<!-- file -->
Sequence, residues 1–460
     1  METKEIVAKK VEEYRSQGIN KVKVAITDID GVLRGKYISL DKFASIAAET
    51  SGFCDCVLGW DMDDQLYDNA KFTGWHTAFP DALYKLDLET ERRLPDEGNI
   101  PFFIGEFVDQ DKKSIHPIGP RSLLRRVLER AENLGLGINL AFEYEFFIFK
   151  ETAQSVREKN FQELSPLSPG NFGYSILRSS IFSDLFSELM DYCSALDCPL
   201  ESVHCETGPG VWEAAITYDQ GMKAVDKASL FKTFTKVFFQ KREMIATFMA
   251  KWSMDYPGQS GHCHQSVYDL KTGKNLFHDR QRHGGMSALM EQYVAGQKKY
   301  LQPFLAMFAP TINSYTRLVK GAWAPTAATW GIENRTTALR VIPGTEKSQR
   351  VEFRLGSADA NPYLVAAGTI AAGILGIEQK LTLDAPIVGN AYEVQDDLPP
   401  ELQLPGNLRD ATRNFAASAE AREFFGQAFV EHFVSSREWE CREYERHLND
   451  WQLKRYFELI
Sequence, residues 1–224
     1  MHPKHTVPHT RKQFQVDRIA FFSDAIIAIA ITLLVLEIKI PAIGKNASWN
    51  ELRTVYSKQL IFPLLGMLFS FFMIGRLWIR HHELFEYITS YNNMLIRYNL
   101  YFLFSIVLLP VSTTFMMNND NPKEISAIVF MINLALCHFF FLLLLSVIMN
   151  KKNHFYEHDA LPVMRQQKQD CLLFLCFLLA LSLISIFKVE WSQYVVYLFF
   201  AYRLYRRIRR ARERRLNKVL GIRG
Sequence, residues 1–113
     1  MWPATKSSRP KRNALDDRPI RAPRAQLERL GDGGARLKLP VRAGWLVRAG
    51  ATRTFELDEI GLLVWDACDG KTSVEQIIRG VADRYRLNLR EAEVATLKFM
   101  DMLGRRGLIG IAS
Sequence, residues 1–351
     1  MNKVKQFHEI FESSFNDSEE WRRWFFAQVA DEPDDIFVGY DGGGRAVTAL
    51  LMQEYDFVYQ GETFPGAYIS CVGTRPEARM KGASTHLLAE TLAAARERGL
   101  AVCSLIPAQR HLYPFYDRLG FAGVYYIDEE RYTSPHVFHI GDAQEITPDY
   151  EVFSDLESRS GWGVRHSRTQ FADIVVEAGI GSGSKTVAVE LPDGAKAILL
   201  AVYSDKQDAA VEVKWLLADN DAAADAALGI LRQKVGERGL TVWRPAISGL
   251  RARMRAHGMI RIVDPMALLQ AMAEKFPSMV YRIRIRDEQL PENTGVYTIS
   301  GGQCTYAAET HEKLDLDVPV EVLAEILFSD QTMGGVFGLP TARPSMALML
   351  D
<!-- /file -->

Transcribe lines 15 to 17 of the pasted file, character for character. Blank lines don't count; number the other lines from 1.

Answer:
   101  YFLFSIVLLP VSTTFMMNND NPKEISAIVF MINLALCHFF FLLLLSVIMN
   151  KKNHFYEHDA LPVMRQQKQD CLLFLCFLLA LSLISIFKVE WSQYVVYLFF
   201  AYRLYRRIRR ARERRLNKVL GIRG